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It’s a time of change, it’s a time of novelty. Now that working from home, telecommuting or working remotely is a new reality for many due to social distancing and lockdowns, I am preparing myself to teach and blog from my living room for the foreseeable near future. Recent studies show that remote employees that work online from anywhere are far more productive than in a standard office as they require less time to get ready or commute to work. Let’s see if I can put this theory to the test while creating a comfy home office with hopefully the best home office layout design I can come up with.

Analysis of my Current Work Situation at School and Home

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So far, I have mainly taught in the classroom on a daily basis so this was my main work place. Here, I would have a desk with a laptop and I would spend probably one to two quarters of my day documenting, communicating and sharing my classroom work on the computer. The rest of the work day would be actively teaching, preparing activities, cleaning or tidying and of course most importantly interacting.

I have therefore never really set up a so called home office. I usually work on my laptop when blogging, sitting on my sofa, my bed or my bean bag when I am at home. With the majority of my time being spent using the computer during this isolation period, I probably will have to change that. Because apparently posture and efficiency are better in a properly set up home office.

How to rearrange the Home and Routine for a better Home Office Experience?

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Online orders have shot up during national lockdowns and so it is only natural that I start to browse Amazon and Co. for some home office equipment. However, I don’t want to rearrange my whole living room, so I try to look into options to use the furniture I already have and how to optimise it.

What can I change in my living room/main home office space?

I have a dining table and an office chair. It’s a good height and provides sufficient space. During the first few daysadjustable-standing-and-sitting-home-office-desk-for-blogging I work from here. I feel good, I hold video conference calls and write documents, emails, articles, but somehow I don’t enjoy facing the wall opposite me. I remember that I have an empty space next to my big balcony window with a view out to Canary Wharf. I purchase a foldable home office desk with two slim tables that are adjustable in height and wheels so that it is mobile.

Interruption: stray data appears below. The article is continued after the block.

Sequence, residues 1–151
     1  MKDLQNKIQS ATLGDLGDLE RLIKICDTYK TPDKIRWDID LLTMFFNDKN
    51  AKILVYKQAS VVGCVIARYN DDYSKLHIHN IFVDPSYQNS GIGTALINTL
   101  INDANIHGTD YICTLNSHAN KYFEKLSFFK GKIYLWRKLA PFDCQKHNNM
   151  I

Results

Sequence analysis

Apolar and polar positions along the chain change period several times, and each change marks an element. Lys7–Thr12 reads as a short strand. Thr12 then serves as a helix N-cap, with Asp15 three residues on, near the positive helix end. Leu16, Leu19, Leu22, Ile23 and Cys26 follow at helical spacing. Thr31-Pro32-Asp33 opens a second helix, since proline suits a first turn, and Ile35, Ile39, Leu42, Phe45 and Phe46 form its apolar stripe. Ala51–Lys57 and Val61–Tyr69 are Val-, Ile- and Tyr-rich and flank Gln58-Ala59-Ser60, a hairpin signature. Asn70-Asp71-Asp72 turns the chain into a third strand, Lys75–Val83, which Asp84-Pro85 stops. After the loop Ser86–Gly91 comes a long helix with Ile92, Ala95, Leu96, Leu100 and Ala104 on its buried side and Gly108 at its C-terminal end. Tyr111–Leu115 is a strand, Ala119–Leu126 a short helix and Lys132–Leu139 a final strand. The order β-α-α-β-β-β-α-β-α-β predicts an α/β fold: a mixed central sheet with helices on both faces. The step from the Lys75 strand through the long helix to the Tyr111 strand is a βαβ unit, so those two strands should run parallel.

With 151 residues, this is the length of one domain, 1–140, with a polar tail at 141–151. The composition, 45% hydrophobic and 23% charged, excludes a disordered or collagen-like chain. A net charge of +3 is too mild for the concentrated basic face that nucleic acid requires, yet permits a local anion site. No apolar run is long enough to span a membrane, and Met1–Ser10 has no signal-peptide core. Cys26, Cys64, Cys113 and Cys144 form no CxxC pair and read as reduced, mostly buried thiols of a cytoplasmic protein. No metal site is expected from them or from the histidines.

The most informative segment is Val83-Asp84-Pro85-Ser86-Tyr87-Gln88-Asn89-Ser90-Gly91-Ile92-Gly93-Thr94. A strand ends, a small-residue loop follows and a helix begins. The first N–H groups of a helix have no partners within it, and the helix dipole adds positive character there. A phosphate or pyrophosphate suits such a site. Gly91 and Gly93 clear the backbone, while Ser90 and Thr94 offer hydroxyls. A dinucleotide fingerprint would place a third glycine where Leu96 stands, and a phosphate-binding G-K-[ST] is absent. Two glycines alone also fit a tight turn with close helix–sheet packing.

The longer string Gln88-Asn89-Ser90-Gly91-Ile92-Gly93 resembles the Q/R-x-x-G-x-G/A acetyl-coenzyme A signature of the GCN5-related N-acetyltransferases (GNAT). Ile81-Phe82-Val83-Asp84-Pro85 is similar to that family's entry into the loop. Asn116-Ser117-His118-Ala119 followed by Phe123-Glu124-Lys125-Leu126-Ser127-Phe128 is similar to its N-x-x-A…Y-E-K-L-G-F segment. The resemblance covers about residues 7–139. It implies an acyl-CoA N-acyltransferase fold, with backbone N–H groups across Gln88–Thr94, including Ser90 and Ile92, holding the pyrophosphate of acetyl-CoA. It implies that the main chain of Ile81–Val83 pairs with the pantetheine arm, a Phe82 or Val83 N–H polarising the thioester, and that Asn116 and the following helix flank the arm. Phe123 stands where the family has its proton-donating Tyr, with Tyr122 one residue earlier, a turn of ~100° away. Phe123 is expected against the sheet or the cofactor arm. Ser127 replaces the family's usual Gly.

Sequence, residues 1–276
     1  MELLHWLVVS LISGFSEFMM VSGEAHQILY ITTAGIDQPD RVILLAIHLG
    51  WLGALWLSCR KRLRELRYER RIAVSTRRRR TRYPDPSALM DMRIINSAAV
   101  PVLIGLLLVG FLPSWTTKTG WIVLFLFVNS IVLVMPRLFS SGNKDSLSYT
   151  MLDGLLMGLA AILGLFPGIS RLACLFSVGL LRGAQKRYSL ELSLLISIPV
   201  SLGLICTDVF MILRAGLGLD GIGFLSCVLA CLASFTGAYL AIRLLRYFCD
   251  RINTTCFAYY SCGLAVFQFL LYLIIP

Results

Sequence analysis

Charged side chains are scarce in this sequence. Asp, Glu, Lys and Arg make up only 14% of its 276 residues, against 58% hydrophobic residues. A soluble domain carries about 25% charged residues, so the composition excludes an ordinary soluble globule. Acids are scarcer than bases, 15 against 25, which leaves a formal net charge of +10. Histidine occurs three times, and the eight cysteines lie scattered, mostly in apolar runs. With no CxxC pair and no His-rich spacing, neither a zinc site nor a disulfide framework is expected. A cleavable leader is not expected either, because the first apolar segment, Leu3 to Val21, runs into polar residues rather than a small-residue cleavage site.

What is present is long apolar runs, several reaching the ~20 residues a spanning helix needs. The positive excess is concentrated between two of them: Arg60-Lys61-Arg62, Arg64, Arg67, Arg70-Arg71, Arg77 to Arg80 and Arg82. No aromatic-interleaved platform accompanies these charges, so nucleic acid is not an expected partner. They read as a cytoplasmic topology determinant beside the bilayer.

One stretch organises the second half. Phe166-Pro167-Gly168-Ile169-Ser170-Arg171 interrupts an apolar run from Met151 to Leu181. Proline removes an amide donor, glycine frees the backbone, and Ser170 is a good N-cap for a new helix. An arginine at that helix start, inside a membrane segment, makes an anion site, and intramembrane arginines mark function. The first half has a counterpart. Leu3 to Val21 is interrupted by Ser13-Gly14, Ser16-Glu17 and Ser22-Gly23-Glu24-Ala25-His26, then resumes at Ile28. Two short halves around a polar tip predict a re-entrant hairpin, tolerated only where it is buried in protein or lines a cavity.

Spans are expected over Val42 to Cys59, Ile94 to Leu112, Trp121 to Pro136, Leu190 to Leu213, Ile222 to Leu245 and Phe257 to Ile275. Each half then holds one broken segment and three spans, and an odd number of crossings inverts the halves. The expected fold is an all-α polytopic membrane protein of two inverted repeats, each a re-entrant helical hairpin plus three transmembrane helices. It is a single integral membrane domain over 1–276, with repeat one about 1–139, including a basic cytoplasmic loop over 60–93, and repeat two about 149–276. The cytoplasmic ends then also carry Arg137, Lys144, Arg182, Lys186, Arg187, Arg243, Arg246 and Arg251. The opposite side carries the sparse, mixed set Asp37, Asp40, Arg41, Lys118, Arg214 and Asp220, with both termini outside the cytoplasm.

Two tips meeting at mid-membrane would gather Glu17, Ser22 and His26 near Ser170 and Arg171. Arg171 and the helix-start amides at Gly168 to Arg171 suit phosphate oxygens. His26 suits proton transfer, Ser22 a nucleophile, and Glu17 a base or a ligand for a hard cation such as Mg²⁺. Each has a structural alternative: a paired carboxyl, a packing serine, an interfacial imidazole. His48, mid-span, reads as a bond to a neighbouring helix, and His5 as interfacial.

I create space for all my things and I feel better looking out the window every now and then and enjoying the light coming in. Another plus is that I’m not next to the fridge any longer, which is tempting to eat more and take more short breaks. Maybe because I am “locked in”, I have more of a desire to look out. I improve my posture by alternating between working while sitting and standing up whenever I feel a need to. This also helps me from getting a stiff neck and back, which I tend to get easily. In between I can stretch or do a few yoga poses to refresh my body and mind.

What else to consider apart from the office space?

Since I won’t spend much at this stage, I want to focus on the basics plus the non-material aspects.

Light: Looking at the light, I feel having the desk by the window is a good choice as I’m utilising the natural light as much as possible. I won’t really need a desk lamp for most of the day and by that I also save energy. The sunlight streaming in doesn’t cause any disruption as my desk is in front of the wall, so not directly in the sun. We all know that natural sunlight has a lot of health benefits like being a good source of Vitamin D or increasing energy levels and productivity, so I’m happy with this decision.

Space Organisation: Taking a look at the organisation of the space around my desk, I have everything I might need to grab or get near me on my shelves. By that I’m avoiding time loss to fetch documents, gadgets or office tools. It’s not cluttered, but organised in different drawers and shelves, so it’s easily available.